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 Table of Contents  
ORIGINAL ARTICLE
Year : 2021  |  Volume : 10  |  Issue : 4  |  Page : 270-279

EUS-guided biopsy versus confocal laser endomicroscopy in patients with pancreatic cystic lesions: A systematic review and meta-analysis


1 Gastro Unit, Division of Endoscopy, Herlev Hospital, Herlev, Denmark
2 Digestive Endoscopy Unit, Nuovo Regina Margherita Hospital, Rome, Italy
3 Digestive Endoscopy Unit, Fondazione Policlinico Universitario A. Gemelli IRCCS, Rome, Italy
4 Gastro Unit, Pancreatitis Centre East, Hvidovre Hospital, Hvidovre; Department of Clinical Medicine, University of Copenhagen, København, Denmark

Date of Submission16-Aug-2020
Date of Acceptance11-Feb-2021
Date of Web Publication19-Jul-2021

Correspondence Address:
Dr. Bojan Kovacevic
Gastro Unit, Division of Endoscopy, Herlev Hospital, Borgmester Ib Juuls Vej 1, 2730 Herlev
Denmark
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Source of Support: The authors wish to thank Danish Cancer Society, Arvid Nilsson Foundation, Ingrid Munkholm Foundation, Toyota Foundation, Novo Nordisk Foundation, Harboefonden, Tømrermester Jørgen Holm og hustru Elisa f. Hansens Mindelegat, and Herlev Hospital for their financial support, Conflict of Interest: None


DOI: 10.4103/EUS-D-20-00172

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  Abstract 

Background and Objectives: Pancreatic cystic lesions (PCLs) are frequent incidental findings on cross-sectional imaging and represent a diagnostic challenge as different kinds of PCLs harbor a dissimilar risk of malignancy. Two diagnostic tools have recently been developed and introduced: through-the-needle biopsy (TTNB) and needle-based confocal laser endomicroscopy (nCLE). The aim of this meta-analysis was to compare the diagnostic yield and performance, as well as the safety profile of the two methods. Methods: This meta-analysis was performed in accordance with the PRISMA statement. Medline, Embase, Web of Science, and Cochrane Library databases were searched for studies with five or more patients undergoing either endoscopic ultrasound (EUS)-TTNB or EUS-nCLE for a PCL. Reviews, case reports, editorials, conference abstracts, and studies on exclusively solid pancreatic lesions were excluded. Outcomes of interest were diagnostic yield and performance, safety, and technical success. Results: Twenty studies with 1023 patients were included in the meta-analysis. Pooled diagnostic yield of EUS-nCLE was higher compared to EUS-TTNB (85% vs. 74%, P < 0.0001), while diagnostic performance was high and comparable for both methods (pooled sensitivity: 80% vs. 86% and pooled specificity: 80% vs. 83% for TTNB and nCLE, respectively, P > 0.05). Pooled estimate of total adverse event (AE) rate was 5% in the TTNB group and 3% in the nCLE group, P = 0.302. Technical success rates were high and comparable (94% and 99% for EUS-TTNB and nCLE, respectively; P = 0.07). Conclusion: EUS-TTNB and EUS-nCLE have a similar safety profile with a relatively low number of AEs. Technical success, sensitivity, and specificity are comparable; however, EUS-nCLE seems to have a slightly higher diagnostic yield.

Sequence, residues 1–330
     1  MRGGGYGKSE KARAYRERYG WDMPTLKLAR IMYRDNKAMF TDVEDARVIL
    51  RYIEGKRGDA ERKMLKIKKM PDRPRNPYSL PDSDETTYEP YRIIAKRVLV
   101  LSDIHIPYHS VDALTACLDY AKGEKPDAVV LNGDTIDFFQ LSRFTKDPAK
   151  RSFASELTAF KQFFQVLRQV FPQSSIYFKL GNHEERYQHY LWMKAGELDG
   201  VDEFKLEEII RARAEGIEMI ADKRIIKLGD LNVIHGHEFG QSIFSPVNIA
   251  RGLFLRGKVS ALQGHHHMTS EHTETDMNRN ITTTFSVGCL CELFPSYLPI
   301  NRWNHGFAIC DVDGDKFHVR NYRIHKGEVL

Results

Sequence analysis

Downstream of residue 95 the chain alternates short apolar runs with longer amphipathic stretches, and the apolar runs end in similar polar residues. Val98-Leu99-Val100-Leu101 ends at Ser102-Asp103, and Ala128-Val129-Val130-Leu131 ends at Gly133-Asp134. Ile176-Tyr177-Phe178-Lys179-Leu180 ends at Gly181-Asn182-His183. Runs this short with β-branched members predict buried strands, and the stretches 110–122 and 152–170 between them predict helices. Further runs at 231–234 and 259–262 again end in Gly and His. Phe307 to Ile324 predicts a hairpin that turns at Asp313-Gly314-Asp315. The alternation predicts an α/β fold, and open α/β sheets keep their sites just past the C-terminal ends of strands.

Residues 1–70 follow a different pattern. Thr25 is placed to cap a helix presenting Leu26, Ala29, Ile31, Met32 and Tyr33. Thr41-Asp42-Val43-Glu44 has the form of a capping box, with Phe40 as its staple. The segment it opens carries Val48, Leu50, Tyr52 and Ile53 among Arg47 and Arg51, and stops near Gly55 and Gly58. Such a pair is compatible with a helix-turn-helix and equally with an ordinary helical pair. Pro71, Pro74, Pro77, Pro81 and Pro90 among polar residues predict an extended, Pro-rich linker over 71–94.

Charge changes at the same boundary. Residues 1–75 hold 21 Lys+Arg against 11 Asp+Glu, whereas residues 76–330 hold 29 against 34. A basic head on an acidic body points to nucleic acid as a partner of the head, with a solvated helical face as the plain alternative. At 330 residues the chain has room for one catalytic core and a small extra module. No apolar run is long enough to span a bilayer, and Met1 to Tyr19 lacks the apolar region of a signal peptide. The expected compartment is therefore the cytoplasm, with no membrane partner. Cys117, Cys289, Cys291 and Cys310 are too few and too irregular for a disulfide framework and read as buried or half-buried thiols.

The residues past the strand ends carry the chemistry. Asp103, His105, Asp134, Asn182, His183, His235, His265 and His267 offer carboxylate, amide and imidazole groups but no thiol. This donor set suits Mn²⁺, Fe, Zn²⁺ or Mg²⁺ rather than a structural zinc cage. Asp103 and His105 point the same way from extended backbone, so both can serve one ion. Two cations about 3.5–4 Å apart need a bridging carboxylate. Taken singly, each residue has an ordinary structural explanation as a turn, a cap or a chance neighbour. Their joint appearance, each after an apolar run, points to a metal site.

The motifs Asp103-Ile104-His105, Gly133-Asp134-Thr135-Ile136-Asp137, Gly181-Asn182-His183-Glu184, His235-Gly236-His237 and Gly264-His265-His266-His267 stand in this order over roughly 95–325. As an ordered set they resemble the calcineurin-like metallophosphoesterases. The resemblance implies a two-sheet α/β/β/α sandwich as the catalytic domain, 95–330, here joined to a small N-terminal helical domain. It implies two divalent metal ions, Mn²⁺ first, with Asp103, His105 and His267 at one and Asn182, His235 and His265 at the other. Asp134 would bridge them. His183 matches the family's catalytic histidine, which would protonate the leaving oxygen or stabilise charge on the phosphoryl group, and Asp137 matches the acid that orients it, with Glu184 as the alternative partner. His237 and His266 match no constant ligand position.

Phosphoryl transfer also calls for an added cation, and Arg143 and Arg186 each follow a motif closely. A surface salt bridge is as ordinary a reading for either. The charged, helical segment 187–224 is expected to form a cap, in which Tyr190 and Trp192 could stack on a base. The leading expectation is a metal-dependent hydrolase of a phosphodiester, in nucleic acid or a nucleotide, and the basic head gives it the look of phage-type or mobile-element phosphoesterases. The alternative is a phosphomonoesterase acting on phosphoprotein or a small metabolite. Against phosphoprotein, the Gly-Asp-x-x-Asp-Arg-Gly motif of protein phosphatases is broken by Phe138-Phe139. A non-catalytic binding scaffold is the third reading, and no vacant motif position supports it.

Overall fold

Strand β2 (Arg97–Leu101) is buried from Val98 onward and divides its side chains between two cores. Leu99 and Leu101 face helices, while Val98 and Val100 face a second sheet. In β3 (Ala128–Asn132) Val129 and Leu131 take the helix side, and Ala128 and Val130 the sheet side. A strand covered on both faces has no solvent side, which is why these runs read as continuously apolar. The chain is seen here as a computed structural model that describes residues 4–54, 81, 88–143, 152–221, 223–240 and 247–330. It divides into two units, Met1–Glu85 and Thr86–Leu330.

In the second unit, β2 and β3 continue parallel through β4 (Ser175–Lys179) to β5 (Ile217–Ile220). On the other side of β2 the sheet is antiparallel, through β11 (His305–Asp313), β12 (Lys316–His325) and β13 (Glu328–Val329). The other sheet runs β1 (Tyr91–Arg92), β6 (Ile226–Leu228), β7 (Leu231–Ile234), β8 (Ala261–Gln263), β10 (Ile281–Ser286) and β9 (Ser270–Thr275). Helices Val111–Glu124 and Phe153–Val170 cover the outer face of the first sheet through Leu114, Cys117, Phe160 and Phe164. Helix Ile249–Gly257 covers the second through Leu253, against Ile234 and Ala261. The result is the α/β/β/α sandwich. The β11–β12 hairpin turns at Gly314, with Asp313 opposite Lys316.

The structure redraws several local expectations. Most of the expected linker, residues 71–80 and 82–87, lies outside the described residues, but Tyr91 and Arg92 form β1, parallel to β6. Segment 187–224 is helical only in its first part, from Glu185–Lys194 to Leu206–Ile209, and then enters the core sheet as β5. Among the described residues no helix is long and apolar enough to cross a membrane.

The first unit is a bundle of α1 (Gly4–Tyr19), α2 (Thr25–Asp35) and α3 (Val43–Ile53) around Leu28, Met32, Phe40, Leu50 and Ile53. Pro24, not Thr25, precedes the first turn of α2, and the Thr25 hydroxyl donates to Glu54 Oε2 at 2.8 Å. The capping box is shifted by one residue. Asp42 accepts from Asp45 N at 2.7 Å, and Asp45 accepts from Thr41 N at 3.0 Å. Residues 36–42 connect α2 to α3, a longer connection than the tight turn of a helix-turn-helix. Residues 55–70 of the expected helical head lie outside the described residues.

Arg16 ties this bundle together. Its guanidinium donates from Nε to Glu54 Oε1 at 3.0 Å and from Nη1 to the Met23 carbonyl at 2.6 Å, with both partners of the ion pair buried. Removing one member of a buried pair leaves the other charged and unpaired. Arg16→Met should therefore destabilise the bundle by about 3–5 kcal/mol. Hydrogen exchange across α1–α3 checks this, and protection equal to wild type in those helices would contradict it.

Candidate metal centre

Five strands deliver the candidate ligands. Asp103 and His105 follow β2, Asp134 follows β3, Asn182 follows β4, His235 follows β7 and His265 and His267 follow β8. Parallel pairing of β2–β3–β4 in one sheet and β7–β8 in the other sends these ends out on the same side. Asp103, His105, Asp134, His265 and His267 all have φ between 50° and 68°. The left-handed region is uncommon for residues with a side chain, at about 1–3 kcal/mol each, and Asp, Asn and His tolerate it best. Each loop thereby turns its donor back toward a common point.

Keywords: EUS-through-the-needle biopsy, intraductal papillary mucinous neoplasm, moray, needle-based confocal laser endomicroscopy, pancreatic cyst


How to cite this article:
Kovacevic B, Antonelli G, Klausen P, Hassan C, Larghi A, Vilmann P, Karstensen JG. EUS-guided biopsy versus confocal laser endomicroscopy in patients with pancreatic cystic lesions: A systematic review and meta-analysis. Endosc Ultrasound 2021;10:270-9

How to cite this URL:
Kovacevic B, Antonelli G, Klausen P, Hassan C, Larghi A, Vilmann P, Karstensen JG. EUS-guided biopsy versus confocal laser endomicroscopy in patients with pancreatic cystic lesions: A systematic review and meta-analysis. Endosc Ultrasound [serial online] 2021 [cited 2021 Sep 20];10:270-9. Available from: http://www.eusjournal.com/text.asp?2021/10/4/270/321095


  Introduction Top